Get all of Jeremy Fuchs’s columns as soon as they’re published. Download the new Sports Illustrated app (iOS or Android) and personalize your experience by following your favorite teams and SI writers.
BROOKLYN — Defenseman Thomas Hickey broke a 3–3 tie in overtime to propel the Islanders to a 4–3 victory over the Florida Panthers in Game 3 at Barclays Center.
Defenseman Ryan Pulock had a goal and an assist, while John Tavares added two helpers. Reilly Smith continued his hot playoff scoring, with a goal and two assists that upped his total to eight points though the first three games, while Aleksander Barkov added his first career playoff tally.
The victory put the Islanders ahead in the series at 2–1. Game 4 is Wednesday night in Brooklyn.
Here are three thoughts on Sunday night’s game:
Coach knows best
This is the first year of the coach’s challenge, which works very similar to the NFL's, and Sunday was the first time it changed a game in this series. The Islanders challenged an Aaron Ekblad goal in the second period that would have put the Panthers up 3–0. The refs ruled that Florida was offside, and soon after the Islanders found their game. Prior to the challenge, the Panthers were absolutely dominating the second period and it looked like the Isles were going to be blown out. The decision by Jack coach Capuano to throw the flag changed the game and might’ve changed the series. Shane Prince narrowed the gap to 3-2 at 11:48 and Frans Nielsen knotted the score at 16:55. Though the third period would be scoreless, the reversal of Ekblad's goal clearly gave the Islanders new life and confidence.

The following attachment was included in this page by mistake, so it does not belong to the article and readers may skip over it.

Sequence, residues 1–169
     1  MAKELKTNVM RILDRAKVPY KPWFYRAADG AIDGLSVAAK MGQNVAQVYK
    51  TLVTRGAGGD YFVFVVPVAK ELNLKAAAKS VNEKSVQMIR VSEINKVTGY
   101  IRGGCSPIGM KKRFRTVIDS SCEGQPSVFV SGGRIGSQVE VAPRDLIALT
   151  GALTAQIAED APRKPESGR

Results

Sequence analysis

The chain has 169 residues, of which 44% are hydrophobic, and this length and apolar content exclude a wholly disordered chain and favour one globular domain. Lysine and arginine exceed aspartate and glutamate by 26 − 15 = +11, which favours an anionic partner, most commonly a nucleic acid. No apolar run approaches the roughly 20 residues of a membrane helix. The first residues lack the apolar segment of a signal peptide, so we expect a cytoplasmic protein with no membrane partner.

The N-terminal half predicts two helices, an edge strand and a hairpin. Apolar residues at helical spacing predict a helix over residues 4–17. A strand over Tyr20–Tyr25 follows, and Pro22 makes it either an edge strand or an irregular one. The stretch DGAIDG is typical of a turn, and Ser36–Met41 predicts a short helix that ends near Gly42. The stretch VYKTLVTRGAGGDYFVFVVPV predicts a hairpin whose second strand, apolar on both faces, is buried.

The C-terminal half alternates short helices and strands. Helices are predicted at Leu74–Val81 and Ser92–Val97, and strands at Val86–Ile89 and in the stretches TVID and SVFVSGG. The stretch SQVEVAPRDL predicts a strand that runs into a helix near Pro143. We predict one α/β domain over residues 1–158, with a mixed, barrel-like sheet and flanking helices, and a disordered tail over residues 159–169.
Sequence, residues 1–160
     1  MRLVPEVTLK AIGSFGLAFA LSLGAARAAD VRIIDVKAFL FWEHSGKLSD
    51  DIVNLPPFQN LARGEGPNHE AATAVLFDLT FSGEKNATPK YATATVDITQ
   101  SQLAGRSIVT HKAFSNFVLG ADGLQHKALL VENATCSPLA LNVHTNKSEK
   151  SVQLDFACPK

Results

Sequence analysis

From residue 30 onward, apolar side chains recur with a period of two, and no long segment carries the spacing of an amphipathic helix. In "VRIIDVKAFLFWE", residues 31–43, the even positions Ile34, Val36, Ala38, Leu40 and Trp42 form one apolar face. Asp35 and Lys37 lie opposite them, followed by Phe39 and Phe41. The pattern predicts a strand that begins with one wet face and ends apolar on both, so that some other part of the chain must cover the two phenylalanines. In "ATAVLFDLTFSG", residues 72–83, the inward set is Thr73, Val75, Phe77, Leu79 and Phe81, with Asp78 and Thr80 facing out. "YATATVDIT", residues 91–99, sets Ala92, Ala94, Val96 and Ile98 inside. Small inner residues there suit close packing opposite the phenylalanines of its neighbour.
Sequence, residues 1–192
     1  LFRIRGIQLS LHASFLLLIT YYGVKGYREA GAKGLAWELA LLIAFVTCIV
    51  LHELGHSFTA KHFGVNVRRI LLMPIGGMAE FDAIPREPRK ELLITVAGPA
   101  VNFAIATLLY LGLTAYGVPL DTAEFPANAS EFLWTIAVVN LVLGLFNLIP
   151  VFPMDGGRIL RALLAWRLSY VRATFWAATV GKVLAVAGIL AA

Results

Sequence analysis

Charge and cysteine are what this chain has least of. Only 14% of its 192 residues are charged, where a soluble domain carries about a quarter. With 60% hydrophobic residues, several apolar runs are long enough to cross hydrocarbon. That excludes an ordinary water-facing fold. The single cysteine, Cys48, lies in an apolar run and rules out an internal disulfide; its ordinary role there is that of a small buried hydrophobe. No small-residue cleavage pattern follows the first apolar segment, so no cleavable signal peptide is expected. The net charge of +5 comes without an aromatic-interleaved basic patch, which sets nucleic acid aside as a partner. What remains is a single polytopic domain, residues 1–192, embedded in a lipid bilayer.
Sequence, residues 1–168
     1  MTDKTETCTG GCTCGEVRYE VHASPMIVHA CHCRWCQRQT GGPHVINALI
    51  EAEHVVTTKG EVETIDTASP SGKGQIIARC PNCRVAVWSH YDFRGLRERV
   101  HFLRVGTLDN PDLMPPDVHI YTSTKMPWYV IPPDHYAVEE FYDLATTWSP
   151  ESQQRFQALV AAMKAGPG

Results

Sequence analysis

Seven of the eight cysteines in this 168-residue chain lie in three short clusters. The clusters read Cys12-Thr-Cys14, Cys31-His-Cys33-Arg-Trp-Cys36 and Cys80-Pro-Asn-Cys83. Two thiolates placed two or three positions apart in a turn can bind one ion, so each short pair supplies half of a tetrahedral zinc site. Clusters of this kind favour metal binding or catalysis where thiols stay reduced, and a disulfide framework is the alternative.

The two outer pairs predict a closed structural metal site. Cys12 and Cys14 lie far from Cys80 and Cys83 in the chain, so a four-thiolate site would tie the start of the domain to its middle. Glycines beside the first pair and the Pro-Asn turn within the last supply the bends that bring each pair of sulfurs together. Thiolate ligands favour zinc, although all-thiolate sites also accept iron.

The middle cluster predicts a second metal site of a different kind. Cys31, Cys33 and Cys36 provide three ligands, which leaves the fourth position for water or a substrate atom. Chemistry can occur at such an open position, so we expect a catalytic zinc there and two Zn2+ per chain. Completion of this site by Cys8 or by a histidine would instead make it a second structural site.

Entering this postseason, winger Reilly Smith had 12 games of postseason experience, all with the Bruins, from whom he was acquired in a trade for Jimmy Hayes last July. Reillly had scored four goals for Boston. Through three games of the 2016 postseason, he has four goals and four assists. Smith, whose 25 regular season goals were a career high, was often the best player on the ice, creating scoring chances with his skating ability and stickhandling. He has sparked the Panthers and helped them offset a lack of production by Jaromir Jagr, who has been kept off the scoresheet thus far.
Brooklyn in the house
There were no “Spacey Faceys” in Brooklyn and no plastic rats, just raw, pure energy. The crowd roared en masse at an ear-splitting level at every Matt Martin hit, every quality chance, every big goal. This game was quite unlike any other home game this season. The Islanders ranked 28th in the league in average attendance, at just 13,626 fans per contest. But you wouldn’t know it based on Sunday’s activity. The crowd became an advantage for the Isles, who used the energy from the coach’s challenge to get back in the game. With potentially two more games in Brooklyn, don’t be surprised if this series hinges on who can win at home.